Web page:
I was invited to a modest gathering today; folk had come together to discuss materials and micro-strategy relating to soon-to-commence Methuselah Foundation efforts to raise larger amounts of philanthropic funding for SENS research - research to repair and reverse aging, in other words. Foundation chair Aubrey de Grey presented, and the usual suspects were in attendance to critique content and exchange ideas: a couple of the other Foundation volunteers (including Anne C.), some of the more insightful local venture investors and business owners, general artificial intelligence researchers, a couple of scientists in the medical field, and folk from the Immortality Institute, Singularity Institute and Foresight Institute were in the mix. Very eclectic; quite the interesting crowd.
While the distribution of interests is on my mind, I should say that I've probably mentioned the numerous overlaps between general artificial intelligence, advanced nanotechnology and healthy life extension communities in the past. There are a number of common funding aspirations, funding sources, supporters and advocates - it's very much a shared space in many ways. The growth, fundraising and advocacy challenges faced in these fields are similar enough to make it worth pooling knowledge, resources and networks to make greater progress; this is happening today, and will continue in the years ahead. So many of the people of note move in the same circles now that I can't imagine it going any other way.
In any case; it's no big secret that the Methuselah Foundation has until the end of 2009 to make the best of Peter Thiel's generous pledge of a $3 million matching fund. This means the clock is ticking on raising $6 million for SENS research: the combined sum of $9 million will be enough to fund a range of modest research programs, larger versions of those already underway and funded by the Foundation. That would be a good start, but the Foundation could be in a much better financial state than that three years from now if matters are well managed - expansion can be rapid indeed once you've established your credentials and potential for success. The path to growth is there, it just has to be executed on - this is also no big secret.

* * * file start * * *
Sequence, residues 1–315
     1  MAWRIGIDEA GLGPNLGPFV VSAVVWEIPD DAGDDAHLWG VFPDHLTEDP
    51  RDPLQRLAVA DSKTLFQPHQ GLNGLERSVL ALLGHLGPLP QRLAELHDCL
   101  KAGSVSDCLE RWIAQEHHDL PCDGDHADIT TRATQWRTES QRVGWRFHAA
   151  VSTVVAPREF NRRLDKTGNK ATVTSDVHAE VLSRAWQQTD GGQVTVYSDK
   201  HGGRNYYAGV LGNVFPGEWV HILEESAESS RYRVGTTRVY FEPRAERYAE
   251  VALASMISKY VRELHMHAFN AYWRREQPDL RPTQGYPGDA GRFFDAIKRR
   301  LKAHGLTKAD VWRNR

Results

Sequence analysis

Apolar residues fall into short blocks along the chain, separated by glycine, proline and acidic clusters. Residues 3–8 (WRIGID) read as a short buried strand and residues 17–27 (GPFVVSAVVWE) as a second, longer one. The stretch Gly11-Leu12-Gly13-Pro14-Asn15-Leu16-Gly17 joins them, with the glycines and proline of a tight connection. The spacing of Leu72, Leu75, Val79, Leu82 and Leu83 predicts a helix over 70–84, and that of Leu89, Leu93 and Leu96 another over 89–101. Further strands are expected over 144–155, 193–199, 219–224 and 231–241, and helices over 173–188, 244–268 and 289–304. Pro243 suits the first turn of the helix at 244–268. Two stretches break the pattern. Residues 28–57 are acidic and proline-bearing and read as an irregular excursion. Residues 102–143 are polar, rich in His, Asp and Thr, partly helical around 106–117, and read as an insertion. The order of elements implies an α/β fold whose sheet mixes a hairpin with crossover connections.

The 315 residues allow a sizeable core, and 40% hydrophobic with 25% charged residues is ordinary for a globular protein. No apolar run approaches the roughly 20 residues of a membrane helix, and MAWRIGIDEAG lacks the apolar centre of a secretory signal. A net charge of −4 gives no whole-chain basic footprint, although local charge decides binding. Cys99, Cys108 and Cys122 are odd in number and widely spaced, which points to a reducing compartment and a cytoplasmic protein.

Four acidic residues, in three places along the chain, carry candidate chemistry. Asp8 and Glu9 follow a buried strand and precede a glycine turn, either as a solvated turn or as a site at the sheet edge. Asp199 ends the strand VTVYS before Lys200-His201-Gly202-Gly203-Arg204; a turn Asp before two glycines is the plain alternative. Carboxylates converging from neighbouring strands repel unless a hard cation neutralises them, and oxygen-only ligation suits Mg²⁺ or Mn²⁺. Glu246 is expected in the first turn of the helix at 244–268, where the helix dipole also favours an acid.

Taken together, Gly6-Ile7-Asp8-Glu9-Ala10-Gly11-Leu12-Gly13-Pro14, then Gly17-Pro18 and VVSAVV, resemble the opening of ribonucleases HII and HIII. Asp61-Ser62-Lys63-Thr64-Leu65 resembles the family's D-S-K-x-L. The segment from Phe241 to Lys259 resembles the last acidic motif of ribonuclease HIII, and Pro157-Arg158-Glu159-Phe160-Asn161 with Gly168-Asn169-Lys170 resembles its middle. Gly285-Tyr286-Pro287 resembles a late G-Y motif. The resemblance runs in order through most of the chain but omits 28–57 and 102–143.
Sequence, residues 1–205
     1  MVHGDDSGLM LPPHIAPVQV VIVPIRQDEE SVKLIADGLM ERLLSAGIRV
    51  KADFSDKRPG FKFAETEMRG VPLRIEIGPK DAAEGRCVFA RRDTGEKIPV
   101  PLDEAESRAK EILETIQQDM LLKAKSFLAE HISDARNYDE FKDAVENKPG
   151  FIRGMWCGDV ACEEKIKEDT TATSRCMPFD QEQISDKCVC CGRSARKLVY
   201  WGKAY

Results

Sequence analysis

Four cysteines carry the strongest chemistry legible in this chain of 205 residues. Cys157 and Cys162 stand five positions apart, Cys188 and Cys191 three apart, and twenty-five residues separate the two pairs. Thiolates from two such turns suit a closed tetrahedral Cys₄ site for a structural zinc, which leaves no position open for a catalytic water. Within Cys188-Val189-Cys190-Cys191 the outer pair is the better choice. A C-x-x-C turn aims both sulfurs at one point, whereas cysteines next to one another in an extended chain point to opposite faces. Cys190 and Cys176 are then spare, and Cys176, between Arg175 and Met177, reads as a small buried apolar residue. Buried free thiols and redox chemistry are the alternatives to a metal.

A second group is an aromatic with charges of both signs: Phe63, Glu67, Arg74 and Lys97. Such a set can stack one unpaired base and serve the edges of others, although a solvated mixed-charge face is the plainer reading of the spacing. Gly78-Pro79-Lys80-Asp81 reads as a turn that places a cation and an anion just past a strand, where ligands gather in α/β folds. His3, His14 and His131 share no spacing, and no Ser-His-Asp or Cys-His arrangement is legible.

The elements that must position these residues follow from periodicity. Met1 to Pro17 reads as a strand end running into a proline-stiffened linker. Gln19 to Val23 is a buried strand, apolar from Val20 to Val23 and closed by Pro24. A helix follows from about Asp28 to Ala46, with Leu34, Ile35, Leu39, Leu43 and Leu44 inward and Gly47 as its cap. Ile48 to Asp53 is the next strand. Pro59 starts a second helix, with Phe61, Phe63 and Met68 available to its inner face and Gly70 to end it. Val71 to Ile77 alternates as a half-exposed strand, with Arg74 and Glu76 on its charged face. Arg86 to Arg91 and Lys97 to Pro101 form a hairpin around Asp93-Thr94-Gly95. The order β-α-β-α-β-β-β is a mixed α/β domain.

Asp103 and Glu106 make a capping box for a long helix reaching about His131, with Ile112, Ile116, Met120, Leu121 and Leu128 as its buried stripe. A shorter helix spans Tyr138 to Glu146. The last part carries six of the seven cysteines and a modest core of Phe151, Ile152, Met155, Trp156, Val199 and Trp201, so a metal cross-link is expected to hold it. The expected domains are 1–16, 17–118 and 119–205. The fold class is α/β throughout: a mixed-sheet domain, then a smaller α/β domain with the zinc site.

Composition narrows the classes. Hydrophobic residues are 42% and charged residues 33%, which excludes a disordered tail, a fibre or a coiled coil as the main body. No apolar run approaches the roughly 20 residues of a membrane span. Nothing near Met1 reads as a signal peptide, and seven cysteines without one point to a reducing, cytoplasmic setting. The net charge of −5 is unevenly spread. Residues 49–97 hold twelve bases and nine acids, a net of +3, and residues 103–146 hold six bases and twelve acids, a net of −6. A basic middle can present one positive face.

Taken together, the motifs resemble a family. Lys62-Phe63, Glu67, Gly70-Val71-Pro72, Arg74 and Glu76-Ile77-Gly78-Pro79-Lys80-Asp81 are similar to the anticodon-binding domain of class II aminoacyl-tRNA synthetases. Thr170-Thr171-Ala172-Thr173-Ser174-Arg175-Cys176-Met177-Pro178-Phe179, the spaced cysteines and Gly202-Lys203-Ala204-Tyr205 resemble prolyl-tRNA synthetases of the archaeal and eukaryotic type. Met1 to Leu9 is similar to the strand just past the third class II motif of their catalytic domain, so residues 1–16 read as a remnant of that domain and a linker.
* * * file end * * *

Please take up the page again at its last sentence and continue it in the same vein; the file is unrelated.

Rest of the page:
Resources for research must come from somewhere if we are to escape our fate of suffering and death by aging. We must explain our goal; educate the public; raise widespread support; motivate the scientific community. We have made good, strong progress in the past few years - but a long road lies ahead. As a community, we have yet to successfully engage and persuade the wealthiest and most conservative of philanthropists, seeking support for modern, aggressive bioengineering approaches to the problem of age-related degeneration.
We can do this. We must do this. Too many lives, too much suffering is at stake to fail.
The meeting today was an early step in bringing Methuselah Foundation fundraising firmly into the big ticket realm: reviewing the raw materials and identifying how to craft a new and effective strategy for the year ahead. What are the best approaches? What resources are needed? Who best to help? What are the well-defined strategies of successful fundraising? How does this all apply to aging and medical research in particular?
As is always the case for early meetings of this nature, it was more of an exercise in raising questions than answering them - suggestions rather than resolutions, feedback on the raw materials rather than the polished result - but it's clear that the process is determinedly underway. It's also clear that a bunch of smart, experienced people are vested in making it work, and the necessary networking and building of connections is taking place energetically behind the scenes. The Methuselah Foundation of a year from now will be a quite different beast from that of today in terms of presentation and focus - a wealthier beast, too, with much more to disburse to longevity research, judging by the potential for progress I saw today.
Do you want to help make this happen? You can, you know. Just make your voice heard.